These are confusing and challenging times, which are complicated by the mishmash of issues, solutions, actions, reactions, and differing agendas of various groups and organizations. On top of that, inflammatory reporting by media (on all sides) and relentless social media posting continually change the narrative. Ministry leaders—in their various roles as community members, religious spokespersons, and organizational heads—are trying to contribute positive solutions. Judging from the number of pastors who have reached out to me for support, that is proving to be an onerous task.
One pastor, with a mixed-race extended family (who are also members of his church), was called a racist by another church member because he spoke positively about the police officers in his community. Another pastor was rebuked by members who felt his calls for police reform were an attack on governmental authority. Another ministry leader was castigated because he failed (in the opinion of some on both sides) to use strong enough language to either support their side (whichever side they were on, depending on the issue) or attack the other side.
Many ministry leaders are being criticized because they are attempting to hold a balanced perspective. For example, these leaders agree unethical police officers should be fired and police who engage in criminal activity should be prosecuted. They do not agree all police are evil and police departments should be abolished. They agree protests are a legal, valid, appropriate expression of public opinion. They also denounce riots as counterproductive and looting as a crime. Holding to this kind of middle ground means you become a target for extremists on both sides. If you are advocating for a balanced perspective and feel caught in the crossfire, keep these suggestions in mind.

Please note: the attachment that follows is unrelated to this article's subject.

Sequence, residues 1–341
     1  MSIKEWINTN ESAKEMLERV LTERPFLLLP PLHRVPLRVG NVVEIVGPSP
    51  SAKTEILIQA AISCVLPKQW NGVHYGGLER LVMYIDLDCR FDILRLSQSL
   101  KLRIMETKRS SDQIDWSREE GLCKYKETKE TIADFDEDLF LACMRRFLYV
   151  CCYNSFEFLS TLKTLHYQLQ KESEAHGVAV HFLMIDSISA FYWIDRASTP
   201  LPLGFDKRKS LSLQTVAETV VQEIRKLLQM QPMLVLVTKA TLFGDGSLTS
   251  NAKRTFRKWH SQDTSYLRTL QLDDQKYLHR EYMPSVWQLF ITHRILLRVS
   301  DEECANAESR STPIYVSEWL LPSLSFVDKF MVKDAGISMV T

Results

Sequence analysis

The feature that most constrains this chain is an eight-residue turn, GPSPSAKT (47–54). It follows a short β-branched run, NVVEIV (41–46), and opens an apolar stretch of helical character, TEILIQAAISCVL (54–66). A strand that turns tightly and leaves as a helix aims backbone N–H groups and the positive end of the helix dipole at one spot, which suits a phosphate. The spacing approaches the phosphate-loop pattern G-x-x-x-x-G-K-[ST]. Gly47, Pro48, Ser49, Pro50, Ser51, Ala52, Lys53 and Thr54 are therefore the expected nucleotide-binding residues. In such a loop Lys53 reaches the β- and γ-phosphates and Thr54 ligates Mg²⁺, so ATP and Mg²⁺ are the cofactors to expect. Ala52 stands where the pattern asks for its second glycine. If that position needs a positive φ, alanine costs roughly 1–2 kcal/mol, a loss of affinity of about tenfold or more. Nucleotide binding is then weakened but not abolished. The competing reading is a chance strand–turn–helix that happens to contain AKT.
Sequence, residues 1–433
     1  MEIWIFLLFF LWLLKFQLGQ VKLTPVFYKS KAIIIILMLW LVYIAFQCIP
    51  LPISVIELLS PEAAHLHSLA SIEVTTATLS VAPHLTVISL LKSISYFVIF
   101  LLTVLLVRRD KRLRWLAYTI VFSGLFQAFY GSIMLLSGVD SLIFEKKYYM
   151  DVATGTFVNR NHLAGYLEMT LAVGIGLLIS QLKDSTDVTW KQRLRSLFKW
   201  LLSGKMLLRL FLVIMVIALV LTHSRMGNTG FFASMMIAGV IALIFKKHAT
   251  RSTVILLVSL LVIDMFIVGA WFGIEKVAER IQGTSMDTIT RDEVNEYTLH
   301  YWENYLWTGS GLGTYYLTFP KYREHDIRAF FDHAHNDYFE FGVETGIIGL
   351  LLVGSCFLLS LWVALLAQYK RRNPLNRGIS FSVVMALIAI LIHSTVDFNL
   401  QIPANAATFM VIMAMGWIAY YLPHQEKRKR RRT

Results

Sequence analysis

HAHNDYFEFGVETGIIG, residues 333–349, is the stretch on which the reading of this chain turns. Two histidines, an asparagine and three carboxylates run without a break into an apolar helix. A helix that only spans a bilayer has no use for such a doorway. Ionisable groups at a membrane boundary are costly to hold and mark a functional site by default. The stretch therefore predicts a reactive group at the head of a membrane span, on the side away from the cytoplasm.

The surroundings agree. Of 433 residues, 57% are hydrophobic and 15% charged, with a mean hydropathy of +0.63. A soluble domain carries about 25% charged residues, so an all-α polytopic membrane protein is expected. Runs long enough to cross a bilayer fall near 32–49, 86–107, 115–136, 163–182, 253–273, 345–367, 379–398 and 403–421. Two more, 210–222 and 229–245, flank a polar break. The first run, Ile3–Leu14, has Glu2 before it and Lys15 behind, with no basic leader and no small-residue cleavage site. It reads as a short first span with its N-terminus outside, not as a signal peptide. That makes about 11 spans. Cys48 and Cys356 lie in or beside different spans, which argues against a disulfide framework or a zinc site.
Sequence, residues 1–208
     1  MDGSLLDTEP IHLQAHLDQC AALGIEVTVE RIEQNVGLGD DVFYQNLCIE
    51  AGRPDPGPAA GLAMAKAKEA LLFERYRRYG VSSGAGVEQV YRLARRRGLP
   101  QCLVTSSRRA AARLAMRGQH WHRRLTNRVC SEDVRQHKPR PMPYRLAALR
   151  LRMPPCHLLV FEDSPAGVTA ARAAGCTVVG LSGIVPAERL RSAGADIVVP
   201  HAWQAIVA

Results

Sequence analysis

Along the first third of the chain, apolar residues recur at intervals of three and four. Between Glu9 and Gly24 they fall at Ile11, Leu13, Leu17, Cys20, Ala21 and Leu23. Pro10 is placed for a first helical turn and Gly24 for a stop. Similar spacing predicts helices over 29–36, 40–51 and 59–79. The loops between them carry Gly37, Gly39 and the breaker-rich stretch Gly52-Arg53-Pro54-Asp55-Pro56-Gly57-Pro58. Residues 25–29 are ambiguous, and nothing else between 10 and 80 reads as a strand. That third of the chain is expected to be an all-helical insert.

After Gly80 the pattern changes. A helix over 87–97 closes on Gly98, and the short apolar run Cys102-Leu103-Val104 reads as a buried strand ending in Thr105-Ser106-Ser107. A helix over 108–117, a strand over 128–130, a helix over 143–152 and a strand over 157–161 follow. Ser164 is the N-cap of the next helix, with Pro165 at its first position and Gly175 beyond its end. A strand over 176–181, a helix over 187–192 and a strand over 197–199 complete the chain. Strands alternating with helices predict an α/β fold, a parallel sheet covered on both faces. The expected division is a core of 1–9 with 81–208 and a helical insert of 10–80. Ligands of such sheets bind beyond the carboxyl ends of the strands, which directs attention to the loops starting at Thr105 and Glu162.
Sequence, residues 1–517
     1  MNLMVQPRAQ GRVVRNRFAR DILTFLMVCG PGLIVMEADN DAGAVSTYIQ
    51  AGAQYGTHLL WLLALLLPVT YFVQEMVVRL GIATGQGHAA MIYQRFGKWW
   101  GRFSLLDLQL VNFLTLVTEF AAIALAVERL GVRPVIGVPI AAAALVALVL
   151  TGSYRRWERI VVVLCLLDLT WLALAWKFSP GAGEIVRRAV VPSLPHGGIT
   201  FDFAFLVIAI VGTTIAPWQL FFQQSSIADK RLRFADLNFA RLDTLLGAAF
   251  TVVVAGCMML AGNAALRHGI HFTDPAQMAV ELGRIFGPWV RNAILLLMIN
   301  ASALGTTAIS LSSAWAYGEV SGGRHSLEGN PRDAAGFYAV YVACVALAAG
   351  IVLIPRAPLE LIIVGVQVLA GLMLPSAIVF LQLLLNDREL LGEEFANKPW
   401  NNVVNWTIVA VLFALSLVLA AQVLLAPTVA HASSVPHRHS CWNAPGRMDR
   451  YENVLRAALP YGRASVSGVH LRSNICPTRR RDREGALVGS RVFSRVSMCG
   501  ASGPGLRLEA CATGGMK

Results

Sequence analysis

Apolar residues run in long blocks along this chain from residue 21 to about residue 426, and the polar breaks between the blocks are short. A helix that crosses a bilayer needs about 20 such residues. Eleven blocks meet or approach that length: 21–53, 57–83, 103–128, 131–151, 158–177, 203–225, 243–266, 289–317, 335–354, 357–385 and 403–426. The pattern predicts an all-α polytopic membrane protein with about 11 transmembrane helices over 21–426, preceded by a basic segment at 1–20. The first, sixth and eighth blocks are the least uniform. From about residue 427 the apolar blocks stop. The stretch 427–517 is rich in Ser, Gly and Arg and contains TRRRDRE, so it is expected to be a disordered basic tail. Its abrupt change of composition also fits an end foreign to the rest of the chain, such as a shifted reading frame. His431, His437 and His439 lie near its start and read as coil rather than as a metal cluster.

First, speak truth as clearly as you can and expect opposition. To anticipate widespread affirmation in our current climate is unrealistic—no matter what you write or say. People are angry and confused right now, and they may vent on you (whether you are the true cause or not).
Second, stick to what you know. Preach and apply the Bible to life. Do not try to answer every political question or comment on every tweet. Draw conclusions about current events from your theological convictions, not the latest poll, and state them clearly. Focus on what we do best—teach and preach timeless Truth—not on trying to win every argument.
Third, magnify examples of effective multi-ethnic or multi-cultural ministry relationships in your church or community. For example, for more than ten years, I have been a racial minority in my home church. I am also a racial minority in the neighborhood where I live. In those contexts, people from many different backgrounds are effectively working together. There are many examples of diverse churches and communities effectively working together. Let’s tell those stories!
Fourth, reach out to leaders from other ethnic groups. Listen to them, learn from them, and draw strength from each other. Some of their perspective needs to shape your thinking, and yours can shape theirs. If you have not done so in the past, make a determined effort to become friends with ministry leaders from diverse backgrounds. These relationships have been some of the most enriching aspects of my ministry over the past two decades.
Fifth, use your influence to produce substantive change. Engage elected leaders and participate in processes that change laws, policies, and budgets to effect real change. Protesters may instigate change; legislators institutionalize it.
Finally, stay the course even when our global situation has a negative trajectory. The Bible describes the world’s future as a global descent into chaos before a cataclysmic ending. In light of this, we must still work for the common good and the greater good—relentlessly and tirelessly—while at the same time recognizing our battle will always be uphill.
Pastors and ministry leaders have an important role today. Let’s stand together and do our part.